No Time to Die review: surprisingly modest goodbye

Entertaiment

After 15 years, actor Daniel Craig is ending his stint as James Bond with No Time to Die . The 25th Bond film will hit theaters almost two years later than originally planned, and expectations were high. Craig’s swan song has not become a masterpiece, but it is a solid action film in which the actor can once again show his qualities.

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James Bond (Daniel Craig) is retired, but he’s still glamorous. He lives like God in Italy with Madeleine Swann (Léa Seydoux). The former 007 finally seems to have found peace and his equal in the French. She wants to help him accept his past. In Italy, for example, Bond pays an emotional visit to the grave of Vesper (Eva Green), who died in Casino Royale . Madeleine is also willing to tell about her past. Unfortunately, Bond’s peace does not last long.

Five years later, he is alone again, in a not so modest abode in Jamaica. He is contacted by his old frenemy Felix Leiter (Jeffrey Wright) and a new 00 agent, Nomi (Lashana Lynch, Captain Marvel ). An MI6 scientist and biological weapon have been taken from a lab by a mysterious group. When all this turns out to be related to old enemy Blofeld (Christoph Waltz), Bond takes his gun again. Lyutsifer Safin (Rami Malek) is also added, who has a special past and wants to make others pay for it. Or something like that. Because even after 2 hours and 43 minutes his motivation is not completely clear to me.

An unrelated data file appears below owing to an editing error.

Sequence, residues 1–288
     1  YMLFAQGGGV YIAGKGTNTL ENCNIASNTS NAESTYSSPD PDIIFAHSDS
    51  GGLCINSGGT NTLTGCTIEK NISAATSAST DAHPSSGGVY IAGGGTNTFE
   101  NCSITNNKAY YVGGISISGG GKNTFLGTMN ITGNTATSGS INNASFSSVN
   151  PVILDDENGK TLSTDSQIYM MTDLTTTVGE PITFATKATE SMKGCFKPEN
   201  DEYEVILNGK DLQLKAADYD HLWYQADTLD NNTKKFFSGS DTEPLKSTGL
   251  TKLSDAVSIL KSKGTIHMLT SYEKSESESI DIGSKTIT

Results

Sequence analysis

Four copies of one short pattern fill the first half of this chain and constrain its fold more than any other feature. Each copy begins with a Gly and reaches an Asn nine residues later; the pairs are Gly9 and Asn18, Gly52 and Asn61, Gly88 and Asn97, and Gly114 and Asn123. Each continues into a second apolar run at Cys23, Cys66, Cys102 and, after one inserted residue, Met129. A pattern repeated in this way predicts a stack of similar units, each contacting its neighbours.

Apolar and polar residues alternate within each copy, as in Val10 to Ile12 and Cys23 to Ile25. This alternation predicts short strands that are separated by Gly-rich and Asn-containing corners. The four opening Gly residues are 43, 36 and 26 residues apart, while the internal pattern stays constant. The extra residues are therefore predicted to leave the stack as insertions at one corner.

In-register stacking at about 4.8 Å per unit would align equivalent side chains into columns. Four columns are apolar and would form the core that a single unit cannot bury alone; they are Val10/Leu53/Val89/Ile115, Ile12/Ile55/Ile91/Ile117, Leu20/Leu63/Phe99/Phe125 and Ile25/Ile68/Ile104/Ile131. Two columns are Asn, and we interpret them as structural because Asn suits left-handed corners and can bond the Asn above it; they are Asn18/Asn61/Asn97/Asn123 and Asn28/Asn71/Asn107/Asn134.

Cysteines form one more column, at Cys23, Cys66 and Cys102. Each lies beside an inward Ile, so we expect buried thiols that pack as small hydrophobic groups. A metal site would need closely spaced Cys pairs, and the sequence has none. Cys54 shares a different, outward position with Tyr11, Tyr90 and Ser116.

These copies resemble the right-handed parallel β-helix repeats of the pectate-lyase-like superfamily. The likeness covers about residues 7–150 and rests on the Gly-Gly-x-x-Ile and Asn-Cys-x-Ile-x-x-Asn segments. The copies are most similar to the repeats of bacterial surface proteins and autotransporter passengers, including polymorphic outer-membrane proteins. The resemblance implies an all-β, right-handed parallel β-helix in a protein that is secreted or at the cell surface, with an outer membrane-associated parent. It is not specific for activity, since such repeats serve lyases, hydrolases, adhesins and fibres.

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Let’s name the biggest stumbling block this movie can have with the audience. No Time to Die is long . Fortunately, the film is not boring at all, mainly thanks to the alternation between action and plot work. And yet the pace drops dangerously right in the middle, until we get to the final phase.

It is actually appropriate, the longest run-up (the film was first planned for November 2019!) and the longest Bond film for the longest-running Bond. Daniel Craig has played the part for 15 years (the record for most films is for Roger Moore with 7.2 more than Craig). But just like that long playing time, that record also takes a toll. Craig also made no secret of the fact that the physical exertion was his least favorite part of the role. And you can’t blame him: looking so toned at 53, is that still necessary?